I decided to look at the works by Ellen Forney. I was initially attracted to the simplicity of her work. The iconography that she uses is very easy to read and the viewer doesn’t have to think too hard about what she’s trying to convey. I think the use of Sharpie (I believe) as her main medium is probably my favorite part of the comic. Her voice is displayed through the 2-dimensionality of her work. The art is flirty and fun and I would argue that it should be taken at face value. The comic is so visually appealing in the way that the reader doesn’t have to think deeply about what Forney is trying to convey, her artwork speaks for itself.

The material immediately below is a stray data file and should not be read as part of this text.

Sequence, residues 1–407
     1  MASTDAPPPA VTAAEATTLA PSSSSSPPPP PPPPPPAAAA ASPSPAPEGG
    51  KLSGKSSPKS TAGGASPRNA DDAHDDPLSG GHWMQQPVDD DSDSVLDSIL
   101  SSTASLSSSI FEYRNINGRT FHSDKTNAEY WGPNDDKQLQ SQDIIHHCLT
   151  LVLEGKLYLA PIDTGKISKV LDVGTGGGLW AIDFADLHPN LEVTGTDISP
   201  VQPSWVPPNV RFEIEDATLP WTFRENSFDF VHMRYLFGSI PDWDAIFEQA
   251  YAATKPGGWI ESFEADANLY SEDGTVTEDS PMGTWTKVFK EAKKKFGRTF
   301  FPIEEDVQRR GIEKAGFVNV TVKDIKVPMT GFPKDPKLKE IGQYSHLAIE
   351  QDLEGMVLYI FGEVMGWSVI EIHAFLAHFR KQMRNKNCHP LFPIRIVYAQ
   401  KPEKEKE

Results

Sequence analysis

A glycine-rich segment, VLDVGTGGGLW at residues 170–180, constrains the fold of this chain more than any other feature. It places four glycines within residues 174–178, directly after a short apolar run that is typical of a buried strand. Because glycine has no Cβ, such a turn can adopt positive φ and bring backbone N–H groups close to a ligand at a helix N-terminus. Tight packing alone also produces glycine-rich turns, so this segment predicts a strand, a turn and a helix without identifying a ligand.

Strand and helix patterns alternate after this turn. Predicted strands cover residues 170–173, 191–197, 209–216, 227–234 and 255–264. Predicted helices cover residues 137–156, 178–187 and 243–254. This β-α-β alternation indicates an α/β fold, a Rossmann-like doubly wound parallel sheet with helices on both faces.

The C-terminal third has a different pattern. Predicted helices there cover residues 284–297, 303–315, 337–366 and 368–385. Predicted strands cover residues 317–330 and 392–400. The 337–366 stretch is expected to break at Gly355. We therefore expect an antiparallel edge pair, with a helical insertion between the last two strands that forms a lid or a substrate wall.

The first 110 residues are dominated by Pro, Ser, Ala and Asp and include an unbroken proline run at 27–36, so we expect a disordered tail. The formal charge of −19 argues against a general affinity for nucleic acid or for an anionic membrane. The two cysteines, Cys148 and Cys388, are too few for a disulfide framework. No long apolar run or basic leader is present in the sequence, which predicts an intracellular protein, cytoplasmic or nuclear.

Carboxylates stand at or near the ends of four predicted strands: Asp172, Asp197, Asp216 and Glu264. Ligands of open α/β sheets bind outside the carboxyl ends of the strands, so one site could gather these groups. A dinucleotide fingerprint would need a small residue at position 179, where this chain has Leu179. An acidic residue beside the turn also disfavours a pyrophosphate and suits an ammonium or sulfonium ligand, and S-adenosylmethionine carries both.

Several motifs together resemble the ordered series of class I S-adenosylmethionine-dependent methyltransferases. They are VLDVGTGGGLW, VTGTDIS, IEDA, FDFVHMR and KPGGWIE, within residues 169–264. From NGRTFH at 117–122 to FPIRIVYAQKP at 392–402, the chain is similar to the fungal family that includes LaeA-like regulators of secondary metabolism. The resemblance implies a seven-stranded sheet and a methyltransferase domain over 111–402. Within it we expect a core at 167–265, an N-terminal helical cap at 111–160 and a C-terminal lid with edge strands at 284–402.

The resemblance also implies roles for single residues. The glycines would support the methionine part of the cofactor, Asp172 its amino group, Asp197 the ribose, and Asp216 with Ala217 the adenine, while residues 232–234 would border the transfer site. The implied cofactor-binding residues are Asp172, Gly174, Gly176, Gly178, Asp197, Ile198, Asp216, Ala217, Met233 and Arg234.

I was originally intrigued by “Strip Poker.” After talking so much about comics this semester, I began to look at the cards in the hand as the panels of a comic. The Jacks in the last two cards are challenging the panel which kind of plays with the idea of closure and time frames. In my opinion, this would be a really good example of a poster comic like the one we are creating for project two. Ellen Forney uses line really effectively in this comic to show motion. The lines around the pants and sock and underwear all clearly display a sense of movement. However, the way that the lines are portrayed categorizes the movements as different. The wavy lines surrounding the pants and socks make it seem like they’re wiggling and waving around. The dotted lines behind the underwear create a much sharper movement.
I believe that this comic has a picture-specific word/picture combination. The viewer would know what the comic was about without the caption, but without the picture, I think it would be much harder to fully understand what the artist’s comic is about.